It’s time to drop some hard truth about the 2022 Boston Red Sox.

Even though there are two full months left in the season — and the Red Sox have a mathematical possibility to grab a wild card spot for the playoffs — any hope this team has at having a deep playoff run is effectively over.

Short of a miracle (which would be followed by an immediate column begging forgiveness), the season will continue to be a downward spiral for the Sox, who entered Saturday with a 54-54 record, good enough for last place in the American League East, 16.5 games behind the hated New York Yankees.

And why? Why has it gotten so bad? How has this season become the perfect storm of disaster? I have broken it down to three major points: Injuries, poor play and poor roster management.

There’s no question that injuries have hurt Boston throughout the season and, in defense of the team, you can’t plan on injuries. Among the players currently on the injured list, pitchers Chris Sale (broken finger) and Michael Wacha (shoulder), second baseman Trevor Story (wrist fracture), outfielders Enrique Hernandez (hip) and Rob Refsnyder (sprained knee). Sale, Boston’s supposed ace, has pitched a total of 11 games over nearly two seasons, thanks to a variety of injuries. Of the group, Wacha is the only one in line to return to the roster in the near future.

The play on the field speaks for itself. After going 23-27 through April and May, Boston had a terrific June, finishing with a 20-6 record. The Sox were the darlings of the American League for a short time. They followed it with a miserable July, going 8-19. On paper, Boston appears to be doing fine at the plate. The Red Sox are third of the 15 teams in the AL in batting average (.252), first in doubles (239), third in runs (477), third in hits (926) and fifth in RBIs (455). But certain players are not living up to expectations this season, namely designated hitter J.D. Martinez, who has just nine home runs after 91 games. Bobby Dalbec, who has played in 96 games, mostly at first base — traditionally a power position — is hitting .205 with 10 home runs and 29 RBIs.


The pitching? Dreadful. Boston is 14th in the AL — and 24th in MLB — in ERA (4.30), 12th in the AL in WHIP (1.31) and 13th in opponent batting average (.250). The Boston bullpen, to this point in the season, has the sixth-highest group ERA in MLB (4.26).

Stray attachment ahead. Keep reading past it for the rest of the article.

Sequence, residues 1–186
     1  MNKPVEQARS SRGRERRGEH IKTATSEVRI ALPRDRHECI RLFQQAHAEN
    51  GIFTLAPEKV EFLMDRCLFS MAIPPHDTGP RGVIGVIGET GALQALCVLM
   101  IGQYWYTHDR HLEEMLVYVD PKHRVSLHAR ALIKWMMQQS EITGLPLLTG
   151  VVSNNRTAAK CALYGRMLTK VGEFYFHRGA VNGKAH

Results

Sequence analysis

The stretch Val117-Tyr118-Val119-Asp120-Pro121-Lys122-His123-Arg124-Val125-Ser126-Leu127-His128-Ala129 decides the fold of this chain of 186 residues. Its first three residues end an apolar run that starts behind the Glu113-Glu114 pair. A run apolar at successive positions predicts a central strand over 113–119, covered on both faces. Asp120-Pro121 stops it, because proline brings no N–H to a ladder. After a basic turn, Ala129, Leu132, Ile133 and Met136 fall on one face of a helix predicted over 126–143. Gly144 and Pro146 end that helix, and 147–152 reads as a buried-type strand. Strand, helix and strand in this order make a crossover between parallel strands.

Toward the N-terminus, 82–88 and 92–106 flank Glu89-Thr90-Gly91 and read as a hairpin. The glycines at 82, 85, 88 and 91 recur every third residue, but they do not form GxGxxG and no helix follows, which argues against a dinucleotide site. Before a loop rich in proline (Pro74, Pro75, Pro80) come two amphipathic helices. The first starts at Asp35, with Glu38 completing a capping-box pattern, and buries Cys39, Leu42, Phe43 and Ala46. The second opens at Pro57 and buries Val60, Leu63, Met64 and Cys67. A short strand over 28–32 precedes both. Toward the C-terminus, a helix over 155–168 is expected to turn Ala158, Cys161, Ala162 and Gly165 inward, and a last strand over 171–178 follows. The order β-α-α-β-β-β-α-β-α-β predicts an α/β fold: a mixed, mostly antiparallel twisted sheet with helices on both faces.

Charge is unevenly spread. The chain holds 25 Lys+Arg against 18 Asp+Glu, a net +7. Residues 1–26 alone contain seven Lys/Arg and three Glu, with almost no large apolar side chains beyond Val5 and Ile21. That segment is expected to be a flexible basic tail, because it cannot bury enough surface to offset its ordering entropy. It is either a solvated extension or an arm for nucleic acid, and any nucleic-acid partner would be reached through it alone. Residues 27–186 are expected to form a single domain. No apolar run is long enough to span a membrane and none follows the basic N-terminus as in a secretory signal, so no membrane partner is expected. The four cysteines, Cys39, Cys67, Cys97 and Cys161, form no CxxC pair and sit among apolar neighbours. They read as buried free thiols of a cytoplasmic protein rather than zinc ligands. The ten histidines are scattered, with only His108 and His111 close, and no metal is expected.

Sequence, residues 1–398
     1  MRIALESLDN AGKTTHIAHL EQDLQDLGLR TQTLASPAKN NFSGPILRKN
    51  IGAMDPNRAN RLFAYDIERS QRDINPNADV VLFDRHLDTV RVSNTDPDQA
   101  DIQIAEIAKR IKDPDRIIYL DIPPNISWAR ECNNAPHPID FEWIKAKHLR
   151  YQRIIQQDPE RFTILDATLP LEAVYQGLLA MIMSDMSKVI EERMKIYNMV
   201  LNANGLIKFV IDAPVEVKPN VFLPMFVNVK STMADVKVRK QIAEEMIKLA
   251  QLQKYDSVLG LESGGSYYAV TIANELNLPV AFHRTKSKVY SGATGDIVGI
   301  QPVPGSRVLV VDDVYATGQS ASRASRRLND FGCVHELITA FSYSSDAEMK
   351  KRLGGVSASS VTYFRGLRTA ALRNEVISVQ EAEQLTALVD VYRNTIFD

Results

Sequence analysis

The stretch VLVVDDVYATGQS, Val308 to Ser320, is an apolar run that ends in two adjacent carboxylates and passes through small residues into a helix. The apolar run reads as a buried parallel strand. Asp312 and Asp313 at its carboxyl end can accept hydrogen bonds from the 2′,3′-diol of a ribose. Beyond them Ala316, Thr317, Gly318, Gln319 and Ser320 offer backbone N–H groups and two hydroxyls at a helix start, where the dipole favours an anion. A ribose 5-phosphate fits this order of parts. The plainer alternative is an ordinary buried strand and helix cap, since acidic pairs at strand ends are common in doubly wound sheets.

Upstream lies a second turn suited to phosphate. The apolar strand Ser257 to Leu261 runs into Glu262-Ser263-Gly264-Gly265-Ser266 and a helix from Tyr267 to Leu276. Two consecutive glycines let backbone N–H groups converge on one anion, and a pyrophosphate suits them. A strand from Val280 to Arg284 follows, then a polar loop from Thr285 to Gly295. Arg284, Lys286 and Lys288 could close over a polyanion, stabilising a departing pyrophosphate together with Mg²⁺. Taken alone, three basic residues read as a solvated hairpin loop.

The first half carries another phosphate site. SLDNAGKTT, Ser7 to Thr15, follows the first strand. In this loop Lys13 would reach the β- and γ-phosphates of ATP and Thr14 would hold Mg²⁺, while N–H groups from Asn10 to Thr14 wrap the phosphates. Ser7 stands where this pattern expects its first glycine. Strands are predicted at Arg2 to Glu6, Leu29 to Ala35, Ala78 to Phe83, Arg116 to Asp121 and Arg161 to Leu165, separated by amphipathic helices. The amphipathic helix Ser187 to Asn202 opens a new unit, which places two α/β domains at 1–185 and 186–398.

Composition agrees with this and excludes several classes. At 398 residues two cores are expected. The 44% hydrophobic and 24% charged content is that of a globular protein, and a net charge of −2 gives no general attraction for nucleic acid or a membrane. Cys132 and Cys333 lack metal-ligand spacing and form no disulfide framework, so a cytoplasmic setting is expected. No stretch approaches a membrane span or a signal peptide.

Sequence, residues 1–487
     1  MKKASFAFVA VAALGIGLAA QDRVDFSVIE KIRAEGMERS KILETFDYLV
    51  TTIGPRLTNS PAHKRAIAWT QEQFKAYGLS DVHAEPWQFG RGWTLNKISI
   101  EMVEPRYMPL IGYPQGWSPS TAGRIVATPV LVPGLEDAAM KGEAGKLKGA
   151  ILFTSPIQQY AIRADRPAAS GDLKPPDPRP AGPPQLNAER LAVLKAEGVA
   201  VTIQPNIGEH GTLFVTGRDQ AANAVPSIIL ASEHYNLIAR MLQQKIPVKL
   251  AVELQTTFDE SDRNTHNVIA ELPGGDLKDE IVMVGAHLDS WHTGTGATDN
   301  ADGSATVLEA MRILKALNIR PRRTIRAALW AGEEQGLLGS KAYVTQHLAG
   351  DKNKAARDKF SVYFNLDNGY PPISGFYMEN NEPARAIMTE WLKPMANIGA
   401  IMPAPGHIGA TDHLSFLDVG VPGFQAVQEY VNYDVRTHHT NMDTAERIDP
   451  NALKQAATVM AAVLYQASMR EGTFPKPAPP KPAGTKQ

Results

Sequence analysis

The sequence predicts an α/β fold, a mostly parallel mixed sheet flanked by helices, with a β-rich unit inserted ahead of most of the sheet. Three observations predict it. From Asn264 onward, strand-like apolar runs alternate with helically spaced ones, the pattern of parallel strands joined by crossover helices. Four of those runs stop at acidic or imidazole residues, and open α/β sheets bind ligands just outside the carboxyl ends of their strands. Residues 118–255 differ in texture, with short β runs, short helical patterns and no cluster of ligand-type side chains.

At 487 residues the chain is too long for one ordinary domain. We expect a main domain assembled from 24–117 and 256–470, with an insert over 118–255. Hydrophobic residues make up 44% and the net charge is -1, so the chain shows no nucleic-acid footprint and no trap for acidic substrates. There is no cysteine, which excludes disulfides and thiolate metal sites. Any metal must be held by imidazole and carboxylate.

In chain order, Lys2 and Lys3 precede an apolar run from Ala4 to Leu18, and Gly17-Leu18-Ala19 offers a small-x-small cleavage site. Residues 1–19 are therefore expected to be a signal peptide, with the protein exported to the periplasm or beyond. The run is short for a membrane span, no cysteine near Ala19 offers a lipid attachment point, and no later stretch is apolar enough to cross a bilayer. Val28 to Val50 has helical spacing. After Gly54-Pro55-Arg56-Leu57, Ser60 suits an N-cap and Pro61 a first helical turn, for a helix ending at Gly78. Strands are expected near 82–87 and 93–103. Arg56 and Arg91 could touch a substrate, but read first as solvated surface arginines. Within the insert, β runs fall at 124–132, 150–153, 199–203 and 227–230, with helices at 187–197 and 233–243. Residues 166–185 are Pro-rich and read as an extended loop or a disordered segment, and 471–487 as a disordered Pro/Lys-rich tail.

This leads us to roster management, which falls directly at the feet of Chaim Bloom, the chief baseball officer. Bloom, 39, who came to the Red Sox from the Tampa Bay Rays after the 2019 season, is the anti-Dave Dombroski. Where Dombroski decimated the minor league system of prospects in exchange for high-price talent, Bloom will happily shed high-end talent for prospects who might be productive years down the road. Look no further than his latest move, trading catcher Christian Vazquez — who was hitting .282 with eight home runs and 42 RBIs — for second baseman Emmanuel Valdez and outfielder Wilyer Abreu, players ranked 28th and 29th, respectively, in the Red Sox minor league system right now per It is yet to be seen if either Valdez or Abreu come through as future stars, but now Boston’s two catchers are Kevin Plawecki (.183 batting average, a home run and seven RBIs) and Reese McGuire (.225, zero home runs, 10 RBIs before coming to Boston).

But this started long before the deadline. Bloom entered 2022 thinking Dalbec and retread Travis Shaw could hold down first base. Shaw went 0 for 19 at the plate and was designated for assignment on May 1. Dalbec, in his second full MLB season, is hitting himself out of Boston. In a too little, too late move, Bloom traded with San Diego for veteran first baseman Eric Hosmer at the trade deadline.

Red Sox starting pitcher Chris Sale walks off the mound after being hit in the left hand by a line drive in the first inning against the Yankees on July 17 in New York. Julia Nikhinson/Associated Press

It was Bloom who decided that the best remedy of replacing Hunter Renfroe — who hit 31 home runs and had 96 RBIs last year, and has 19 home runs and 43 RBIs right now for the Milwaukee Brewers — was bringing back Jackie Bradley Jr., the human highlight reel of centerfielders. As usual, Bradley Jr. provided amazing defense. He also provided his usual production at the plate, hitting .210 with three home runs and 29 RBIs. Bradley Jr. was designated for assignment on Thursday.

There’s also the debacle of how the Vazquez move went down at the trade deadline. After going through team meetings and batting practice, Vazquez was surrounded by reporters telling him he was traded to Houston. Vazquez looked almost in tears, about to answer questions before a Red Sox employee pulled him out of the dugout. Making a trade before a game is not uncommon, but the look on the face of Vazquez indicated he may have found out the news right then and there. That night in Houston was nothing short of a circus.

Perhaps this season will be a wake-up call for the entire organization. It’s happened before. After going 69-93 in 2012 (the dreaded Bobby Valentine season), Boston went on to win the 2013 World Series. After going 24-36 in the pandemic-shortened 2020 season, the Red Sox went 92-70 last year, losing in the American League Championship Series.

It’s not impossible for this to turn around. It’s just not going to happen this season.

But, as they say, there’s always next year. Maybe.

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